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Pa. attorney general’s crackdown on wage theft sets a good example | Opinion

Charges against a big State College construction company point to problems across the industry.

Pennsylvania Attorney General Josh Shapiro speaks during a press conference at 52nd and Irving Streets in Philadelphia on Monday, March 15, 2021. His office has recently pursued a series of cases around wage theft and employee misclassification.
Pennsylvania Attorney General Josh Shapiro speaks during a press conference at 52nd and Irving Streets in Philadelphia on Monday, March 15, 2021. His office has recently pursued a series of cases around wage theft and employee misclassification.Read moreMONICA HERNDON / Staff Photographer

Taxpayers put their trust in elected officials to ensure that responsible contractors pay local workers properly to complete the infrastructure work we all rely on. Unfortunately, Pennsylvania has construction organizations that do not meet the standards the taxpayers deserve. That is why Pennsylvania Attorney General Josh Shapiro must be commended for filing criminal charges against Glenn O. Hawbaker Inc., a construction company whose project manager, Tim Kessling, chairs the influential Associated Builders and Contractors Association of Central Pennsylvania. The company is charged with stealing millions from its employees’ retirement, health, and welfare money.

According to Shapiro, individual workers lost tens of thousands of dollars from their retirement. His office has accused Hawbaker of using workers’ fringe benefit funds to lower their costs, and thereby increase profits, which would be in violation of Pennsylvania’s Prevailing Wage Act and the federal Davis-Bacon Act. The charges include that instead of putting money into workers’ 401(k) accounts for prevailing wage workers, the company used some of it to pay other workers’ pensions.

» READ MORE: Major Pennsylvania state contractor accused of fleecing employees to pump up profits

Hawbaker has received an estimated $1.7 billion in project funding from the Commonwealth of Pennsylvania to date and has built hundreds of roads and bridges. The charges raise questions about how many workers got ripped off in the process.

But it also raises larger questions about wage theft and the misclassification of workers as “subcontractors,” neither of which is new. The Attorney General’s Office notes that this is its third prosecution in recent months related to wage theft and worker misclassification. Unscrupulous construction companies have been cheating employees and taxpayers for decades by skipping out on paying their full tax liability. A 2020 study from researchers at Harvard and Michigan State Universities and Allegheny College found that federal, state, and local governments lose an estimated $8.4 billion a year in tax revenue from the industry.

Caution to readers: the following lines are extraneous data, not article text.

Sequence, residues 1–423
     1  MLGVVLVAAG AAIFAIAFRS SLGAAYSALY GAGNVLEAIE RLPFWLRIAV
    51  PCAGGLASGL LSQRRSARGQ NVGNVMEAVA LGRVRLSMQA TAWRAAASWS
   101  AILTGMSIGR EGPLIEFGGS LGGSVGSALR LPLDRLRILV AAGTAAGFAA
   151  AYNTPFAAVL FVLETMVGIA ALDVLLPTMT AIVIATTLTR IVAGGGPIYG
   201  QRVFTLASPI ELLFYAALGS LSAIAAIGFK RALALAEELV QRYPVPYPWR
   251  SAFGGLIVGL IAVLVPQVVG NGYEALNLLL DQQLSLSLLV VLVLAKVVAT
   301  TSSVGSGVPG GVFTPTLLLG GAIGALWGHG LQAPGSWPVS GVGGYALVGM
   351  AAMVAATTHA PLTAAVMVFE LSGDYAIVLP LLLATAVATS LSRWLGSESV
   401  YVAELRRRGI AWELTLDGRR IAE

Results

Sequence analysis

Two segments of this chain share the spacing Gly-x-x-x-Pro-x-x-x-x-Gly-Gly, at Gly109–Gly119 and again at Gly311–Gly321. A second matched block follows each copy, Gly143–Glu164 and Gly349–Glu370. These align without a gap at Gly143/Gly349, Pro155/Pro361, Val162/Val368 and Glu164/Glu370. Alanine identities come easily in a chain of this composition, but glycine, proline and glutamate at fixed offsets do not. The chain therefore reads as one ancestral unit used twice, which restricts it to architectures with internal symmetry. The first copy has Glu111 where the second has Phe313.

According to the research, more and more contractors are employing labor brokers who pay their workers under the table and keep them off the books — failing to pay and report correct payroll numbers to tax authorities and insurance officials. There are an estimated 2.16 million construction workers in the U.S. who are misclassified as “independent contractors,” when in reality they are actually employees.

These construction industry tax cheats fail to pay their workers fair living wages and rarely provide medical coverage, while also evading federal, state, and local taxes, overtime, and workers’ compensation premiums. This gives them a tremendous competitive edge when it comes to bidding on both public and private jobs against law-abiding contractors who absorb all the costs related to paying taxes and health, retirement, and workers’ compensation benefits.

» READ MORE: Philly is now publicly shaming ‘bad actor’ businesses that break the city’s labor laws

Leaders in other states are also stepping up to the plate to combat worker misclassification. The New York state Department of Labor and the Manhattan District Attorney’s Construction Tax Fraud Force pushed through an agreement with a construction company that will return approximately $6 million in wages to exploited construction workers.

D.C. Attorney General Karl Racine authorized an in-depth study entitled “Economic Analysis of Incentives to Fraudulently Misclassify Employees in the District of Columbia Construction.” The study found that in the District, an estimated 20% of project costs are additional profits for contractors who misclassify their workforce.

The overwhelming majority of Americans pay their fair share of taxes. Aside from the dramatic impact on our federal Treasury — estimated to be $450 billion a year in revenue lost to unpaid taxes — state and local governments throughout the country lose millions each year when construction and other companies pay their workers off the books, or intentionally misclassify them as “independent” contractors, or steal their wages. Elected leaders like Shapiro and Racine should be models for other attorneys general and law enforcement officials throughout the country — and we encourage others to crack down on this issue.

William Sproule is executive secretary-treasurer of the Eastern Atlantic States Regional Council of Carpenters.